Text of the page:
Agnosticism > Atheism (and Theism)


With as much as I generally don’t like to run, you’d think I was running some crazy ass marathon for the amount my intellectual landscape has shifted over the last 5 years.

From lifelong believer to outspoken atheist full of venom to an atheist that’s just live and let live to now just a plain old boring lacks the balls to take a firm stance agnostic.

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Can An Atheist Do Church?


For a good while now, I’ve immensely enjoyed having 2 day weekends. I work Monday through Friday and, generally, don’t work weekends unless my shop is busy during outage season, but even then, it’s not a common occurrence.

When I was a regular church attendee and worked this same schedule, I had a 2 day weekend, but largely felt cheated out of the 2nd day. Why? Well, you’ve got stuff to do! You’ve got to wake up and make yourself look presentable and get your ass to church!

From wake up to walk back in the door of your house, you’re looking at a minimum of a solid couple of hours removed from your “free” day. Since I did this 5 times a week already, a 6th time is a drag, especially when there’s so much other stuff I could be doing, but leaving the church has allowed me to fully enjoy the 2 day weekend! Continue reading

Two Years Later – 10 Things I’ve Learned

lessonIt’s been well over two years now since I first admitted to myself that I no longer believed in a god. Two years. Wow. That isn’t a massive amount of time by any stretch of the imagination, but when I look at all that has transpired in those two short years, I’m astounded at what I’ve learned, how I’ve grown and what I’ll carry with me for the rest of my life. Continue reading

Celebrating Ignorance with Joel Osteen


I’m sorry but this guy is dangerous and spreading nonsense to millions of people. Why people send this man more and more money truly baffles me. It’s a celebration of ignorance and an assurance that feeling and intuition trumps information and data. It’s gross.

Maybe it’s time to convert to the prosperity gospel and spout off nonsense that makes people feel good and rake in piles of cash.

As much as I love to hate on the guy, I’ve got to give it to him. He’s a phenomenal salesman.

It reminds me of a great moment and line from the amazing flick “There Will Be Blood.” After Daniel Plainview, an oil man and capitalist, watches a preacher named Eli do a faith healing and cast out demons, Daniel sees through the performance and looks at Eli and says sincerely, “That was one Goddamn hell of a show.”


Atheism, You’re Smothering Me


I’ve been feeling this way more and more and it’s my own fault really. I’ve not only surrounded myself with the online culture, but I’ve perpetuated it by blogging about it for the last year or so myself.

Given enough time and exposure, anything in life can get wearisome or old and I feel like that’s where I’m at with the culture right now. This does not mean I feel atheism is wrong, in fact, this is the most sure I’ve felt about a belief (or lack thereof) in my entire life. It’s just that I feel like the newness and excitement of it has finally wore off. I don’t recognize a belief in gods….yippee….what now? Keep talking about how I don’t believe in something? Being honest with myself, it feels like it would be bordering on nonsensical for me personally.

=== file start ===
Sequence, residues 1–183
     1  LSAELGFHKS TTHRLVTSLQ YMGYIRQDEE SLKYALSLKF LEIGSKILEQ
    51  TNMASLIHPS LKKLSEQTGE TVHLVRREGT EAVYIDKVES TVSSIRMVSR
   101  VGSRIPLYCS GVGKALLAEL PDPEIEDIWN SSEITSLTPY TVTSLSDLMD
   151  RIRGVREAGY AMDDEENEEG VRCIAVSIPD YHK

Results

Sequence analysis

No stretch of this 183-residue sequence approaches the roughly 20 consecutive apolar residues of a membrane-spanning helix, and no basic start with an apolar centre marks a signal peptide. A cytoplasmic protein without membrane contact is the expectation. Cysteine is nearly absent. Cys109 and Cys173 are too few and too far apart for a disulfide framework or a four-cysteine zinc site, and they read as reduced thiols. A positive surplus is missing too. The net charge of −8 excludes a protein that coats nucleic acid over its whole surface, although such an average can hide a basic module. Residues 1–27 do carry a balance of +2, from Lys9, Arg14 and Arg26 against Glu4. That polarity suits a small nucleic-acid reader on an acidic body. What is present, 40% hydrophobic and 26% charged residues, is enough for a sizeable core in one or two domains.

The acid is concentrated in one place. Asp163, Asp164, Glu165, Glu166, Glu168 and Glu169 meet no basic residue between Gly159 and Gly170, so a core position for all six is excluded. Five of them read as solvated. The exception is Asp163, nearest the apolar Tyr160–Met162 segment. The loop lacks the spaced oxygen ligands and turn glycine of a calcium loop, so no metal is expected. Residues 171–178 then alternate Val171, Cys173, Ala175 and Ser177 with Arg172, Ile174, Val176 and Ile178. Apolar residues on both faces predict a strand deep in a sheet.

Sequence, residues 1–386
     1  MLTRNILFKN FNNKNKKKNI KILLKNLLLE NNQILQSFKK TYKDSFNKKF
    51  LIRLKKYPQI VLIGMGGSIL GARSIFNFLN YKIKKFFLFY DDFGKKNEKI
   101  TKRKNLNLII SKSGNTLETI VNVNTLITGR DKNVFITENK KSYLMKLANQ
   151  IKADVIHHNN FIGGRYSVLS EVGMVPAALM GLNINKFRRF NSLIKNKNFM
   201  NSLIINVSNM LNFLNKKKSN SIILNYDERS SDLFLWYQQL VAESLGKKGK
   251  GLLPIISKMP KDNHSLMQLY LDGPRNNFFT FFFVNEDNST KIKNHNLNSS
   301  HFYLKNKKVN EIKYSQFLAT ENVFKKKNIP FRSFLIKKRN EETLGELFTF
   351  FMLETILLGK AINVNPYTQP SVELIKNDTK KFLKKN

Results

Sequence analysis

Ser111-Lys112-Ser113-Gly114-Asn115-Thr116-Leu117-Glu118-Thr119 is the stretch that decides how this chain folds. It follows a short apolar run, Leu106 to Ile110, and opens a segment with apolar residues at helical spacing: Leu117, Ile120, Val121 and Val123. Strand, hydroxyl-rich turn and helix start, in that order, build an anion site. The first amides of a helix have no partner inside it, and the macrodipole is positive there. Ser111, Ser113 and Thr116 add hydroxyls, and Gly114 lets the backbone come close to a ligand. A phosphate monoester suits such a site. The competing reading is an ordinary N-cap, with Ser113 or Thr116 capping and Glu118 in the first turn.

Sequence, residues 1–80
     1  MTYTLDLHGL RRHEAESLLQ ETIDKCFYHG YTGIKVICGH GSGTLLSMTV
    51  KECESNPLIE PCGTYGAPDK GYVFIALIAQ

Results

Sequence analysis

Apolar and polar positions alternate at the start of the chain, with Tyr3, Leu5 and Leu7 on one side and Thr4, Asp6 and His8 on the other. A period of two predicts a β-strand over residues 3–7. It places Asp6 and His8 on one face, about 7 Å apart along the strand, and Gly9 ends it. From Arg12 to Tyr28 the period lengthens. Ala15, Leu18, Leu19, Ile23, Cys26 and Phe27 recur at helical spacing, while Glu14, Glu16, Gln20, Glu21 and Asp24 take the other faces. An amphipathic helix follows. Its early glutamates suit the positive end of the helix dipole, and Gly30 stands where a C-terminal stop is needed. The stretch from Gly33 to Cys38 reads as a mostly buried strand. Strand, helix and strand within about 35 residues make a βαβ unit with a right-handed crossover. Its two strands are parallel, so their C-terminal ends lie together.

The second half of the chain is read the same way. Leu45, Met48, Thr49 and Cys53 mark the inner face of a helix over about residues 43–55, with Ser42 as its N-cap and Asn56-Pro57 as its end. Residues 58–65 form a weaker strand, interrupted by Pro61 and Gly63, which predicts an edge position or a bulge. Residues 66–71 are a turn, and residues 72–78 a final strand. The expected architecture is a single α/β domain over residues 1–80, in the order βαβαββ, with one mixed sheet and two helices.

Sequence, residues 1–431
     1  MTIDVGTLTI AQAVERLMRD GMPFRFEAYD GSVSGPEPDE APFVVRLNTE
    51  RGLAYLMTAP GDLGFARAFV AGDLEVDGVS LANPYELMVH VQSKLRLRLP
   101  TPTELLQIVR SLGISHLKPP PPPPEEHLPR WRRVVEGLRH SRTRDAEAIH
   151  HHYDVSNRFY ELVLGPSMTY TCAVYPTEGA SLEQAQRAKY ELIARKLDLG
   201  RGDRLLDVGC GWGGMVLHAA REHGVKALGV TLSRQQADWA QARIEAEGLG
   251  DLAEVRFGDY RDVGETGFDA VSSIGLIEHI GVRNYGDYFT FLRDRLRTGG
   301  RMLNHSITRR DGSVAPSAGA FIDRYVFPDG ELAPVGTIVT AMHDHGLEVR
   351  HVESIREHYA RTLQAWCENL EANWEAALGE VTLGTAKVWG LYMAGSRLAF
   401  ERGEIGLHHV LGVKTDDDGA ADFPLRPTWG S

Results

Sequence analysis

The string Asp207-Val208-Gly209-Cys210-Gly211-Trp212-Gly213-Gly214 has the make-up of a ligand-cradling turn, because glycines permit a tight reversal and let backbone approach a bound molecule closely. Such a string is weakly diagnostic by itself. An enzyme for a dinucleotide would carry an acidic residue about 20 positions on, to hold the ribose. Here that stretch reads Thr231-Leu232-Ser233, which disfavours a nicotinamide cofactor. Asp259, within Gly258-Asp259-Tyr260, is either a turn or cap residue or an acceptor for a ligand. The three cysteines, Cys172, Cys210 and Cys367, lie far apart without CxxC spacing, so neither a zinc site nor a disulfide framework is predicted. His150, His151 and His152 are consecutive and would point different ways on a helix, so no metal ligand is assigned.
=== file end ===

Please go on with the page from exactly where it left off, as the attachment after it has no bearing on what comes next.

Originally, my blog was to help me flesh out my own thoughts and as a way to inform friends and family of the why and how I became an atheist. I feel like I’ve more than accomplished that goal.

When I first left religion, the internet was the greatest friend I had. It connected me to Facebook groups and blogs and people that all felt as I did. The solidarity it helped build in me was invaluable at that point in my life. I read every article I could on unbelief and watched endless debates. I comprehensively studied apologetics and worked hard to break them down so as to better understand my opposites. I wrote and talked to many people online that I now count as good friends and I couldn’t be more thankful, grateful or happy for all of you and for all of that.

My final push into frustration/annoyance/embarrassment was this morning when I read about a privately owned diner that gave 15% discounts to it’s patrons if they pray before their meal. The Freedom From Religion Foundation sent them a letter threatening a lawsuit if they didn’t stop. It was then that I realized that many atheists like to feel as persecuted as the believers that they mock for feeling constantly victimized. This move by the FFRF did nothing to help freethinkers except further “prove” stereotypes about us as true in the minds of believers.

One very pivotal person in my life, the son of a preacher that turned agnostic over a decade ago, once gave me some excellent advice. He told me to live excellently and to be a great man. That when people see that I can be a good person that lives a fulfilled, happy and morally upstanding life without a god, I’ll effect more lives that way than I ever could with words. It’s a form of reverse proselytizing that I’ve come to love immensely, but if we’re keeping track, I’ve led more people away from Jesus in 2 years than I led to Jesus in 29, so I count my efforts at blogging and openly challenging religion to not have been for nothing.

I will probably still write posts on unbelief if I ever feel compelled to, but I can finally say I’ve accomplished my goal and that I feel wonderfully at ease. I’m just going to enjoy being Nate again and not Nate the Strong Minded Atheist as it will, from this point on, not add anything to my life, but headache.